There has never been a better time for SMEs to seek the funding they need to grow their businesses. New ways of lending (lendtech) by a broader range of players mean an SME’s options for funding are now well and truly open.
This hasn’t always been the case. So-called ‘information asymmetry’ made it difficult for banks to find the right data to judge whether a small venture would be a good risk or not. Larger businesses are obliged to make financial information available and have a longer track record to consider.
So not only would it take as long (or longer) to put together an accurate picture for SMEs as it would for corporates, but the value of charges made against loans would be much smaller and the likelihood of an SME going out of business much greater.
New tech is helping SMEs grow
The global economic recession encouraged banks to tighten their lending criteria to avoid the risk of further losses, making it even more difficult for SMEs to secure lending. Since then, a raft of innovative new start-ups and tech companies have stepped into the breach to help SMEs achieve their growth plans.
Ecommerce companies such as Amazon and Alibaba, for example, provide finance to merchants trading on their platforms, while peer-to-peer lenders provide direct loans or fund SMEs via invoice financing. And the advent of open banking has opened the way for a whole new breed of alternative lenders, or ‘lendtech’ firms that exist solely to provide loans for SMEs.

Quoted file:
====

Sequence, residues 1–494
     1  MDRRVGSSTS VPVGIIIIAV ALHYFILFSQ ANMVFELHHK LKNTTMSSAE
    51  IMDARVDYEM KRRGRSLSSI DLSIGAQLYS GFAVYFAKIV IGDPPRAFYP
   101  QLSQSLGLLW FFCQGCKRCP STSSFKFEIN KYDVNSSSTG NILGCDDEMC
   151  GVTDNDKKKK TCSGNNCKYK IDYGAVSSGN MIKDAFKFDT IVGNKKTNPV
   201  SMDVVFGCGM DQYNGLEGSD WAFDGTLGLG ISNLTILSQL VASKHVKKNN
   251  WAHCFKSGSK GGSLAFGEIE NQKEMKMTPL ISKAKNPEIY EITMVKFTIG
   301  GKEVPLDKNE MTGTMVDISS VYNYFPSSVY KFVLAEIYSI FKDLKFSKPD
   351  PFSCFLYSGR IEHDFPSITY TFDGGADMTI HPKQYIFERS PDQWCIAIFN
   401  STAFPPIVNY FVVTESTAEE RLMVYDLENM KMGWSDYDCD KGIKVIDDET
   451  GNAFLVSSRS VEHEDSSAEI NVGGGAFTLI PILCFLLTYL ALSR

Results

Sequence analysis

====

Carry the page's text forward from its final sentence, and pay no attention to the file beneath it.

Alternative lenders are thriving
Open banking means alternative lenders can share information from banks about SMEs and blend it with their own data sets to create a detailed picture of an SME and their propensity to repay – or default – on a loan. Lenders can also link to small businesses’ accounting systems so they can see financials like turnover and profit first hand, eliminating the need for the SME to re-enter data into an application form.
There are five key reasons why alternative lenders are now in exactly the right place at exactly the right time.
Superior data analytic capabilities: Alternative lenders can make faster and more accurate decisions based on open data sources. The data they use does not have to be confined to historical business performance, forecasts or current finances.
It can be expanded to include market sentiment, wider trends in a specific sector or sub-sector or even micro-economic factors such as the weather. Time to cash is reduced from weeks to hours and the quality of lenders’ decision-making is improved significantly.
A seamless customer experience: Alternative lenders have built customer journeys that align to SME expectations. Unlike traditional banks, digital-first alternative lenders have been in the enviable position of being able to design their processes and customer interfaces with SMEs in mind from the start. Clean, simple and paper-free apps accessible from any device at any time can make applying for a loan as easy as any B2C ecommerce transaction.
Lendio, which connects small businesses with an appropriate list of potential lenders within hours, says its online application takes just 15 minutes to complete, for example.